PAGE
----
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|Title:||Emergency logistics considering traffic congestion||Authors:||Wang, Qingyi||Keywords:||DRNTU::Engineering::Industrial engineering::Operations research
DRNTU::Engineering::Industrial engineering::Engineering logistics
|Issue Date:||28-Aug-2018||Source:||Wang, Q. (2018). Emergency logistics considering traffic congestion. Doctoral thesis, Nanyang Technological University, Singapore.||Abstract:||Emergency logistics (EL) is the key to alleviate disaster impacts and to accelerate pre- and post-disaster relief operations. Particularly, plannings of emergency supply and evacuation serve a fundamental role to increase effectiveness and efficiency of EL in field practice, and various models have been developed to facilitate the plannings in the past few decades. However, challenges of developing more practical planning models, which incorporate realistic factors and relationships, for real-world applications still exist. Due to the prevalence and huge impacts of traffic congestion phenomena under emergency situations, the thesis focuses on proposing traffic congestion delays incorporated EL planning models with the goal of enhancing EL performances in practice. Based on an introduction of EL and traffic congestion, the thesis builds on three aspects. First, we conduct a structured literature review on various supply and evacuation planning models to reveal research gaps. Second, a multi-commodity two-stage stochastic programming model that explicitly incorporates traffic congestion delays and a decomposition-based algorithm are proposed to address a two-stage emergency supply planning problem. With a real-world case study, the superiority of the proposed model is verified, and some managerial insights are given. Third, a novel evacuation planning model is developed to address a dynamic evacuation planning problem of debris flow disasters. The model not only integrates three evacuation strategies (mobilization, staging, and routing) to accelerate evacuation but also incorporates human behavior and traffic congestion delays to enhance practicability of resulting plans. The proposed model can assist debris flow early warning systems, and its effectiveness is verified with an illustrative case study, which also aids in generating insights and policy suggestions for improving evacuation performances. In all, the thesis highlights the importance of considering the traffic congestion factor in formulating more practical and realistic EL planning models. Although incorporating traffic congestion brings about challenges in model formulation and solvability, its benefits of producing insights and enhancing real-world EL operations worth the challenges.||URI:||https://hdl.handle.net/10356/88118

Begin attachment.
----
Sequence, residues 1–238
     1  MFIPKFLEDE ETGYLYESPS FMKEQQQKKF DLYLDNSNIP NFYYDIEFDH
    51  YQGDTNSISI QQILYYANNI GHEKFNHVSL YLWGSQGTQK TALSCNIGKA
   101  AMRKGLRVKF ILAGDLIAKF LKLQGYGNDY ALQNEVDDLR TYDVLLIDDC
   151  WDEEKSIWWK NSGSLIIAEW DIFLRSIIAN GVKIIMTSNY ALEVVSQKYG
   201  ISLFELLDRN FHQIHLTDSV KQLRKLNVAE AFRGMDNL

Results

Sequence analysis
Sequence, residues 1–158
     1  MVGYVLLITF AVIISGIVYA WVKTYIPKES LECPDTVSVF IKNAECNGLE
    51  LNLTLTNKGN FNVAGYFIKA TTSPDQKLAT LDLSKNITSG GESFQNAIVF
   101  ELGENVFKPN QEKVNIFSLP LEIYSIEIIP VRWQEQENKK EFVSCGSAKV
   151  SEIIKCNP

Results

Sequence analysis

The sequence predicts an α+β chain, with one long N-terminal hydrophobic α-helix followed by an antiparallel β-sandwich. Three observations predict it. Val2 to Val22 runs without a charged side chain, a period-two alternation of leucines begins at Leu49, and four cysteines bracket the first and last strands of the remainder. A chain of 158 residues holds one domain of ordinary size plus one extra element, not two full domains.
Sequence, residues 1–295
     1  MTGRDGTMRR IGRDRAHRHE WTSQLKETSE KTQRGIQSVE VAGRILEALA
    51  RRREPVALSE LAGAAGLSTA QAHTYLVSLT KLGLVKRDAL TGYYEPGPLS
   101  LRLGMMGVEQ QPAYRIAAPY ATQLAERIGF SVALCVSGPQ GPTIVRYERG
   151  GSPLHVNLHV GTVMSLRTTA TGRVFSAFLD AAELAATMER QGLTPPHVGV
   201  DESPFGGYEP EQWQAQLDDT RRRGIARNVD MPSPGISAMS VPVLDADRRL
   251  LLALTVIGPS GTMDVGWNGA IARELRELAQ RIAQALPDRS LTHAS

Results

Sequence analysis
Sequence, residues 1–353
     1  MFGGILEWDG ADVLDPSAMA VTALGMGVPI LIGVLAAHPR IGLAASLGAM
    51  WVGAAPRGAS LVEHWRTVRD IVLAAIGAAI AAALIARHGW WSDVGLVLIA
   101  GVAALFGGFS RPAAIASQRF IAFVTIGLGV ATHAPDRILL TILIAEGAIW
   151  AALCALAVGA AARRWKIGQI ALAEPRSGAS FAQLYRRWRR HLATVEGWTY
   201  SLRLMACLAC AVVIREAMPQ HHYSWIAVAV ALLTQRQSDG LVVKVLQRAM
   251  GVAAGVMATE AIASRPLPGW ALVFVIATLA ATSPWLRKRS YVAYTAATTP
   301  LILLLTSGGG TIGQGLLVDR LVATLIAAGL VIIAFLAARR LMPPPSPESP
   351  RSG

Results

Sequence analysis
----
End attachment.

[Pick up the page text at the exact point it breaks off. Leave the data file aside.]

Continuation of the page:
|DOI:||https://doi.org/10.32657/10220/45687||Fulltext Permission:||open||Fulltext Availability:||With Fulltext|
|Appears in Collections:||MAE Theses|
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